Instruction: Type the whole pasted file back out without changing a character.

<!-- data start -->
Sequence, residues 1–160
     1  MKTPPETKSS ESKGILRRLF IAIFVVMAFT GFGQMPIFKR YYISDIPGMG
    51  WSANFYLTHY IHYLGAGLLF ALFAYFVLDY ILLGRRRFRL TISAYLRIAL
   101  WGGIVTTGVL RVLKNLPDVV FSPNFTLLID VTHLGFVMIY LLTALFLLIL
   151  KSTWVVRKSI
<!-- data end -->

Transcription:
Sequence, residues 1–160
     1  MKTPPETKSS ESKGILRRLF IAIFVVMAFT GFGQMPIFKR YYISDIPGMG
    51  WSANFYLTHY IHYLGAGLLF ALFAYFVLDY ILLGRRRFRL TISAYLRIAL
   101  WGGIVTTGVL RVLKNLPDVV FSPNFTLLID VTHLGFVMIY LLTALFLLIL
   151  KSTWVVRKSI